Monday, 27 February 2012

Statement to the Parliamentary Labor Party


I have reflected carefully on my remarks to this Caucus today.

When I left Australia a week ago as Foreign Minister, I did not anticipate that I’d be standing before you a week later in this leadership ballot.

It’s been a great honour to serve the nation and the Party as Foreign Minister.

It is a privilege to be elected to this place.

To have served you as Leader, as Prime Minister, and as Foreign Minister.

Together I believe we’ve delivered lasting foreign policy achievements in the best traditions of Labor foreign policy.

* The establishment and consolidation of Australia’s membership of the G20;
* The creation for the first time in the history of Asia, a single regional institution with all the principal players of our region;
* Our leadership on Libya, Syria and Somalia;
* The fact that we are now the 7th largest aid donor in the world.

These are great Labor foreign policy achievements and whoever becomes the next Foreign Minister, should own all these achievements with pride.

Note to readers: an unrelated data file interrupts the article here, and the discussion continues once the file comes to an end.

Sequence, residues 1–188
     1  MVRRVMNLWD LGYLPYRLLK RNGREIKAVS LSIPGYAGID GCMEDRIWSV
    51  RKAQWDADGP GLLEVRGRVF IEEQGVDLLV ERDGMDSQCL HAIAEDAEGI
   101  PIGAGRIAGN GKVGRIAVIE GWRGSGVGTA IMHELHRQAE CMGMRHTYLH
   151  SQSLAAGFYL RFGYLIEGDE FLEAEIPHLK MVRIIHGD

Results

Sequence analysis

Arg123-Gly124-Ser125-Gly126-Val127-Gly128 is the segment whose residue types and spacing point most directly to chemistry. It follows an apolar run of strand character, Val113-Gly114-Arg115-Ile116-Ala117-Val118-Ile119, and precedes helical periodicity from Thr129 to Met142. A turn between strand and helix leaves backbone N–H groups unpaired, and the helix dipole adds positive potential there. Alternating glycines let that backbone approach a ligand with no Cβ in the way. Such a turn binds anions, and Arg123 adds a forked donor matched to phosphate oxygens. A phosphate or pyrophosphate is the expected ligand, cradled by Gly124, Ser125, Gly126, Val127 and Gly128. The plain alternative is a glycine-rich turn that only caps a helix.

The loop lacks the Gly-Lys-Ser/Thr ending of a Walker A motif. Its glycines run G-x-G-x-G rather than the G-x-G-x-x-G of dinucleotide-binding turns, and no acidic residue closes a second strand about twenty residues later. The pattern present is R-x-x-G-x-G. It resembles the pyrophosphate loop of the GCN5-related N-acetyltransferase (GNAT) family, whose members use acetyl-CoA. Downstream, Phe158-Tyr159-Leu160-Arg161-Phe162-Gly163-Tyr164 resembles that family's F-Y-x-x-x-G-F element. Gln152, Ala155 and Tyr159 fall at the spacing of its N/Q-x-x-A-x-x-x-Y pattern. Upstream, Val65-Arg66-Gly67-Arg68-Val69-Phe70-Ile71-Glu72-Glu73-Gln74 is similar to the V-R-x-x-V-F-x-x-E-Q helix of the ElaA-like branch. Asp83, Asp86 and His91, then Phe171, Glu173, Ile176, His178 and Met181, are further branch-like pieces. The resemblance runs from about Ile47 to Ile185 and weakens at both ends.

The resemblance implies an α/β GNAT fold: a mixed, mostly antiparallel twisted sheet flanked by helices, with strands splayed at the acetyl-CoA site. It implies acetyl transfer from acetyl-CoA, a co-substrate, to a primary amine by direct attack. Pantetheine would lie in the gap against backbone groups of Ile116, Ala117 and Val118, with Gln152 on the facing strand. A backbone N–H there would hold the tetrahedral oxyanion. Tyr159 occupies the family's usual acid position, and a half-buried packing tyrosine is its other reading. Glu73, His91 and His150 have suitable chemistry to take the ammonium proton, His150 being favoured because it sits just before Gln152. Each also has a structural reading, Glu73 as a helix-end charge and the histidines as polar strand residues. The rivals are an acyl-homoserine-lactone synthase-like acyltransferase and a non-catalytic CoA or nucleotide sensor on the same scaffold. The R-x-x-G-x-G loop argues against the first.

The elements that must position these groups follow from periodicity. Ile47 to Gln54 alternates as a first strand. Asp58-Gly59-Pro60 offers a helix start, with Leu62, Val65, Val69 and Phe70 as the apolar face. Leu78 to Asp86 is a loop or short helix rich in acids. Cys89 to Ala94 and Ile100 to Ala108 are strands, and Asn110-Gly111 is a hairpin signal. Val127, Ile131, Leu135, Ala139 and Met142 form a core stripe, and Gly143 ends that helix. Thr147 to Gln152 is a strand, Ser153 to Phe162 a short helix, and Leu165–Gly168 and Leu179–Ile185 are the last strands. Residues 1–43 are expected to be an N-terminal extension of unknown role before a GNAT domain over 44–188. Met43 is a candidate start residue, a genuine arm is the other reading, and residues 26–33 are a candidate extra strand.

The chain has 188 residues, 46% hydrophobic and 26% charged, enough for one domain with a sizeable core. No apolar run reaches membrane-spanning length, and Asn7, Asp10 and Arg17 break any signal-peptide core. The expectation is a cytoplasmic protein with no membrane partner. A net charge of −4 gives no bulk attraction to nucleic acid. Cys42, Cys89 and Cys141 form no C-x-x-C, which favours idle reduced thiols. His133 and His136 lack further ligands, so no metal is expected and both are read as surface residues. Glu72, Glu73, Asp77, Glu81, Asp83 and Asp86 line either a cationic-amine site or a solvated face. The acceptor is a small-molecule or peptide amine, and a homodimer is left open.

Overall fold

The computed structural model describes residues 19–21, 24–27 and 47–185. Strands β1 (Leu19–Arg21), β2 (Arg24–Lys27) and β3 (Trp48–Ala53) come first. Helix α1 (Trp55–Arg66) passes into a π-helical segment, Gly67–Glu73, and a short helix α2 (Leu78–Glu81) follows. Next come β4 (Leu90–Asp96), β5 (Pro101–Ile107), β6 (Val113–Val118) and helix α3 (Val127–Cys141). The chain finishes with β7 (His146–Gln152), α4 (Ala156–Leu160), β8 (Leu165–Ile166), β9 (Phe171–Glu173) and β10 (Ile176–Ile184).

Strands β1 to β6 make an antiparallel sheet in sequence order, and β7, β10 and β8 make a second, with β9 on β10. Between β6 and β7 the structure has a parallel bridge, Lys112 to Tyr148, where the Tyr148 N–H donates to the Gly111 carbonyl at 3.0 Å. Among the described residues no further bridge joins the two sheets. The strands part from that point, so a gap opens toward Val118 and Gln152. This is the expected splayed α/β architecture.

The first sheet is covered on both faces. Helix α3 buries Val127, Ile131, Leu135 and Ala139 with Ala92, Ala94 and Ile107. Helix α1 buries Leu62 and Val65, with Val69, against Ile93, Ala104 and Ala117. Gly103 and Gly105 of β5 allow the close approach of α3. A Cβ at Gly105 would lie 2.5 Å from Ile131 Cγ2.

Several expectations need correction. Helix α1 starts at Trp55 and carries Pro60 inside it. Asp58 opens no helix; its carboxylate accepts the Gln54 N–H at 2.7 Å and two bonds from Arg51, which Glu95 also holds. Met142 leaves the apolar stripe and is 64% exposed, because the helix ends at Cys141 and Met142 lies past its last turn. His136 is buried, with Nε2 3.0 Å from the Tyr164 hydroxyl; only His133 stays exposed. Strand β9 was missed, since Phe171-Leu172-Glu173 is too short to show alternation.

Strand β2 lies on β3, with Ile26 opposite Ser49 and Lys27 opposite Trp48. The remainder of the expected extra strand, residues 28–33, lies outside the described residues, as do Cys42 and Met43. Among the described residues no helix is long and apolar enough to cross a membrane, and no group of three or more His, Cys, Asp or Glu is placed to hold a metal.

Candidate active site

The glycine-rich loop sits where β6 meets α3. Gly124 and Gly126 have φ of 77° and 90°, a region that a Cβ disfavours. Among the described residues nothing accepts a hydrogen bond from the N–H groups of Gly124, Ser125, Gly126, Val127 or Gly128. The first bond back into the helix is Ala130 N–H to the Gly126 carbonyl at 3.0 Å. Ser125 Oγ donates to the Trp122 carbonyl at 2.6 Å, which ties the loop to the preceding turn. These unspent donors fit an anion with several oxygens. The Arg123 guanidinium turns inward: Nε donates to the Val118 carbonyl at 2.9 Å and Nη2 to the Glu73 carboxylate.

We are at our best when we own our Labor legacy.

We are at our worst when we don’t.

The reasons for my resigning as Foreign Minister are now part of the record.

It was a decision I took with a heavy heart.

But given the sustained and uncontested public attacks on my integrity by colleagues, I believe I had no choice and that it was the honourable thing to do. Nick Champion reminded us of that principle back in 2010.

My reasons for contesting the leadership are different.

I decided to recontest the leadership once Julia said that she would declare the position open.

My core reason for doing so is this: for the last 12 months, not the last two months, or two weeks, we have been on track to suffer the worst electoral defeat in our history.

And I refuse to stand idly by while the next generation of Labor leaders is wiped out.

I don’t want to see hard working local members wiped out. People like:

* Mike in Eden Monaro
* Laura in La Trobe
* Darren in Corangamite
* Janelle in Page
* Steve in Hindmarsh

I believe I am the best placed to defeat Abbott at the next election: the people trust me. They don't really trust Abbott.

I have experience – experience in negotiating us through the GFC. Abbott has none. Nor does he have the temperament for high office.

In my one major national policy debate against Abbott, at the National Press Club on health and hospitals reform, Abbot was exposed for the hollow man that he is.

The truth is, unless we turn the tide against Abbott, this caucus will be reduced to a rump, and we will be out for a generation.

And everything we have built up these last 4 years, will be torn down:

* the NBN;
* a Carbon Price;
* Hospital Reform;
* Paid Parental Leave;
* the lot.

Now to the charges against me.

First, it is true that I swear, and now there is documentary evidence to that effect, it is hard to deny.

I doubt, however, that I’m exactly Robinson Crusoe on that score.